Sheila Rowbotham is one of the grande dames of British feminism. When I went to a talk by her on Dreams of a New Day: Women Who Invented the Twentieth Century at Bookmarks, the packed crowd was hanging on her every word. And she was always impressive, even when depressing as she recalled the optimism of the Seventies in contrast to the feelings today: “It seemed things were going too slowly. We thought, ‘why don’t things change quickly?’ We didn’t bargain for the fact that capitalism would go into a completely different phase; we thought welfare-based capitalism would be democratised. We didn’t believe it would be so radically diminished. … We saw women in parliament as a detail, equal pay as a detail, but the details proved to be extremely difficult.”
She added: “We’ve learned now that you can go backwards. In the Seventies we assumed once you made a gain it would stay there. … It is much harder to argue for equality in a situation where equality is not respected.”
I asked her about the current focus on porn/sexualisation among much feminist campaigning, and she responded that “selling things through sex was the route that capitalism took, and was using more and more. I don’t know how you can get that to change.” The “only alternative vision available” at present was the environmental movement she said, for Marxists had found that their assumption that the working class would resist capitalism was wrong. “The challenge is how to change society without extremely moralistic disapproval. Lots of small groups of people have been convinced but it is how to convince the mass of people now watching the World Cup and buying lots of gadgets.”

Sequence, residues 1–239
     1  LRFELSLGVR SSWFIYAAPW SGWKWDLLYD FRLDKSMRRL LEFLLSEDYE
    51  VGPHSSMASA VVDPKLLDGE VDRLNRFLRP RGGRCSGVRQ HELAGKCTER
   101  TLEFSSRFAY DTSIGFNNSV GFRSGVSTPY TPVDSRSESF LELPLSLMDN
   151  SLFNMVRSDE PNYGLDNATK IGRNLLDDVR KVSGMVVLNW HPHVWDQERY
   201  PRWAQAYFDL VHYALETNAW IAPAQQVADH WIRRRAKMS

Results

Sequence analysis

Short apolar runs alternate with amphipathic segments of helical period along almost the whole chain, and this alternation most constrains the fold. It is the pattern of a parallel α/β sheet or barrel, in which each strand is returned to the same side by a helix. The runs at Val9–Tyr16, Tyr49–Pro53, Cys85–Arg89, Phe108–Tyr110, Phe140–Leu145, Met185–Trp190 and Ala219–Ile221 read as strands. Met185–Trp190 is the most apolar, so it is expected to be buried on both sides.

It’s an historical perspective from one who was there, and has seen a lot. It’s not, however, the subject of the book she was promoting, her new Dreamers of the New Day, which covers from the 1880s to the start of World War I, and is entirely successful in proving that there’s nothing really new under the son. The women she’s writing about lived in a very different world, but between them they thought up pretty well every revolutionary advance that we’re still dreaming about today.
What they wanted was nothing more than the abolition of gender stereotypes, something that today seems very dreamlike indeed. Who could argue with the hopes of Elsie Clews Parson, in 1914 in Journal of a Feminist: